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Ovarian, fallopian tube, and primary peritoneal cancers are very closely related cancers that have been linked to several different inherited mutations. Every women diagnosed with these ovarian-type cancers at any age meets national guidelines for genetic counseling and genetic testing. One out of every five women with ovarian cancer will test positive for an inherited mutation. If you are a woman with ovarian cancer, you should speak with a genetics expert about genetic testing.
Ovarian cancer survivors who had a negative genetic test before 2014 should speak with a genetic counselor to see if additional testing is right for them. Genetic testing has improved since then and new tests can find mutations that were previously missed by older tests.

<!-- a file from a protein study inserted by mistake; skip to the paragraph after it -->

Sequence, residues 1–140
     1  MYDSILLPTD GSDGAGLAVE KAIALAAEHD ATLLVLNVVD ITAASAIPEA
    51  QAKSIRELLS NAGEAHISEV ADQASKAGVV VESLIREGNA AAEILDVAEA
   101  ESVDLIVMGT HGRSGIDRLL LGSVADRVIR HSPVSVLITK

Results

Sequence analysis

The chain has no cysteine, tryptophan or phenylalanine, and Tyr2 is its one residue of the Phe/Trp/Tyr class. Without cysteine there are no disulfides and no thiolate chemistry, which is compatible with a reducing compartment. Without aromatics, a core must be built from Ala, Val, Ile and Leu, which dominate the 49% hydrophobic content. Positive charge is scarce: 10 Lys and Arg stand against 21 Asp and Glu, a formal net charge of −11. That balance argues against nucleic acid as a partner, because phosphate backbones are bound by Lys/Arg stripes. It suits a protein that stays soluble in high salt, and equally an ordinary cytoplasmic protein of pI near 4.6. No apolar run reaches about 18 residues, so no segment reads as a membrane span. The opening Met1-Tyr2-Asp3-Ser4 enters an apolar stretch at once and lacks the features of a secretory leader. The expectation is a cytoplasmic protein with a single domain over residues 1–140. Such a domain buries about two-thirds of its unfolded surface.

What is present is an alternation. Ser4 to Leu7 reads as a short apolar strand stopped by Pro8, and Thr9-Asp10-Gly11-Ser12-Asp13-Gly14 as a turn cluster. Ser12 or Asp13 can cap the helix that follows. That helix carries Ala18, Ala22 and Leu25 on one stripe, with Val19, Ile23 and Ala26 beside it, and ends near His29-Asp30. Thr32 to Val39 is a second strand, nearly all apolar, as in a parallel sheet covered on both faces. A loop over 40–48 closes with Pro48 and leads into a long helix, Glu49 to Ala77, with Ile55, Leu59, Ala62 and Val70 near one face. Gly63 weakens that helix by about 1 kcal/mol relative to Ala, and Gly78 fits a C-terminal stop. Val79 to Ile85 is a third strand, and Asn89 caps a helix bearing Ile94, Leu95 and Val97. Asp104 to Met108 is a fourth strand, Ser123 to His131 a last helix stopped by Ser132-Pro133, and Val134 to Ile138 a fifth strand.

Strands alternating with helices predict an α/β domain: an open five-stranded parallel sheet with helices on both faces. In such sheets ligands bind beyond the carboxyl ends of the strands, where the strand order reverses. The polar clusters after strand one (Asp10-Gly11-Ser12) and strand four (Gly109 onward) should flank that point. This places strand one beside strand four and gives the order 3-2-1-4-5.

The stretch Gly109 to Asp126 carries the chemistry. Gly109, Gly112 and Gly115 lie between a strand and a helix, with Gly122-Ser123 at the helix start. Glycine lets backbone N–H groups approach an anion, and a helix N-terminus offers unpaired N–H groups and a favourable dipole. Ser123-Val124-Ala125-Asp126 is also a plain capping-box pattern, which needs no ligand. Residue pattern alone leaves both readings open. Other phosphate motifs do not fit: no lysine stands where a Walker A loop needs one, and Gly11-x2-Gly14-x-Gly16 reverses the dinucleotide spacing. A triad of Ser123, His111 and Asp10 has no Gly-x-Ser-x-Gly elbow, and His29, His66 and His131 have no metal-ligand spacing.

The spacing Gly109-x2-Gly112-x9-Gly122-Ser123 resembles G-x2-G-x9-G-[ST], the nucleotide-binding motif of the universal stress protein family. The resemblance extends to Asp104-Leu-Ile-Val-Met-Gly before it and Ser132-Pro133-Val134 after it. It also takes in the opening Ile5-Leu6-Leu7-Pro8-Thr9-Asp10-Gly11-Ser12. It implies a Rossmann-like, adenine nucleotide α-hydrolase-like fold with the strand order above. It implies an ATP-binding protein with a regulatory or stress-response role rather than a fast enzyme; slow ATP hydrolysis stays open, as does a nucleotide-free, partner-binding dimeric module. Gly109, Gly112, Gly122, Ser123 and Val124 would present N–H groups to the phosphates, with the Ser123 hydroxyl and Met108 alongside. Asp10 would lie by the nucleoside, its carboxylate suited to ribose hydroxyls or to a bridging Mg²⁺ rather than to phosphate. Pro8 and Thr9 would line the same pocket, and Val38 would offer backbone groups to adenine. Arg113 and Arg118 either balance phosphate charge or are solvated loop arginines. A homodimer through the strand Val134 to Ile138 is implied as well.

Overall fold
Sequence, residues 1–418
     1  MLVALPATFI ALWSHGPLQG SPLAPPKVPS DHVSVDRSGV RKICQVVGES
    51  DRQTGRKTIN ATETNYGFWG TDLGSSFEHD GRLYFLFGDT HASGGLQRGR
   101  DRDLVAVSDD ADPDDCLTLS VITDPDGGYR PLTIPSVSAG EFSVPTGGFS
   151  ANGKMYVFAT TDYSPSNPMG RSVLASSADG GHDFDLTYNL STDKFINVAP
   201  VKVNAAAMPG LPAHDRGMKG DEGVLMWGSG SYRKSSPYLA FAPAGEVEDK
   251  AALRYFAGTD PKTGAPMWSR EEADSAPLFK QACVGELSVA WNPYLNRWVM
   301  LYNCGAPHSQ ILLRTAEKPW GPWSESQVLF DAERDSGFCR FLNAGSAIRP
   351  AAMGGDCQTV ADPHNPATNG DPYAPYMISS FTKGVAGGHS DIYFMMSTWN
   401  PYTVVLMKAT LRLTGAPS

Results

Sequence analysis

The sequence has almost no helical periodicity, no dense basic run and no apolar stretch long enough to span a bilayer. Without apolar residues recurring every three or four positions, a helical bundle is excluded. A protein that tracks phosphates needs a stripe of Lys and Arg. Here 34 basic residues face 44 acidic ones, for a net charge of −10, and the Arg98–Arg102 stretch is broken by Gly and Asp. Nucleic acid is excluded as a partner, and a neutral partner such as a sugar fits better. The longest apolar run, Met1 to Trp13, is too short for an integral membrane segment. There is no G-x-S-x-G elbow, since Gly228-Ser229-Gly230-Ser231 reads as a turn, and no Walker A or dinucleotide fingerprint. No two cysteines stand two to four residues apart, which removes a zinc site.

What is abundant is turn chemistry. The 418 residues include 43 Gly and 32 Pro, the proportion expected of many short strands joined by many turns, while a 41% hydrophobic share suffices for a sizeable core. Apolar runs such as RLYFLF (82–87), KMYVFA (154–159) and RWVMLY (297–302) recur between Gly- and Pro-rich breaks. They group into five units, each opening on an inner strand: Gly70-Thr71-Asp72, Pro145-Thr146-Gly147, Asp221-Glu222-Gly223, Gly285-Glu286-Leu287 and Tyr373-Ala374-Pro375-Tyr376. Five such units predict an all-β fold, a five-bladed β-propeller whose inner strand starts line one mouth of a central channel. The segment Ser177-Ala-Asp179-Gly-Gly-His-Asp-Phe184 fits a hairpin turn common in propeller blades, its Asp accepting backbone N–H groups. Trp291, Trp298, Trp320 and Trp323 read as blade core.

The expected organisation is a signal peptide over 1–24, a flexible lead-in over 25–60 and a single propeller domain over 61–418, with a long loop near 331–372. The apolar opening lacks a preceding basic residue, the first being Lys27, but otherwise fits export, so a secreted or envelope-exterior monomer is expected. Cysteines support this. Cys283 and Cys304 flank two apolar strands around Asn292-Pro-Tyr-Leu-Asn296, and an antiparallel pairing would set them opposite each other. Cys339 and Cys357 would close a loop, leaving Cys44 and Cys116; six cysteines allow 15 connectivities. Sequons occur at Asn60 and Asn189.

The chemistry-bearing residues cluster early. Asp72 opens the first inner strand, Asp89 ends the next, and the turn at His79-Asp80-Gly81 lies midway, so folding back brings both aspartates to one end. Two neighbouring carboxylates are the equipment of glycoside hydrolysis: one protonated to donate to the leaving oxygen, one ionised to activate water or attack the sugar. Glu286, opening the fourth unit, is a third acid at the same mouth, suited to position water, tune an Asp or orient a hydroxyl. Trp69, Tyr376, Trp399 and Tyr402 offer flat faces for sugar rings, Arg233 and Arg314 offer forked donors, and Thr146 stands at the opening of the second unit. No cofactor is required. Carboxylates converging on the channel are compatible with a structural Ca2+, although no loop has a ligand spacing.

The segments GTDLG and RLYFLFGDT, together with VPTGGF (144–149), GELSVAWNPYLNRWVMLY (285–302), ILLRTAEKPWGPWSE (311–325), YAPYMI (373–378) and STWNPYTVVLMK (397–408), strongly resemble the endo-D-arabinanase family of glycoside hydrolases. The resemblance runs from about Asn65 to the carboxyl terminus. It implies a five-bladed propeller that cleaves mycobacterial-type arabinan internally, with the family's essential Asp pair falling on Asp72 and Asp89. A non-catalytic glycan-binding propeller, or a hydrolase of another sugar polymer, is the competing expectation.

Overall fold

Genetic test results may provide you and your family with additional health information and help you make medical decisions. Test results may:
The following gene mutations have been linked with an increased risk for ovarian cancer. Each gene has slightly different cancer risks and recommendations. You should speak with a genetics expert before and after genetic testing to understand which test to order and what your results mean for you and your family.
If you are an ovarian cancer survivor making decisions about genetic testing, you may want additional guidance or support. FORCE's Peer Navigation Program provides expert reviewed resources and 1:1 personalized peer support by specially trained volunteers who have experienced the very challenges you face.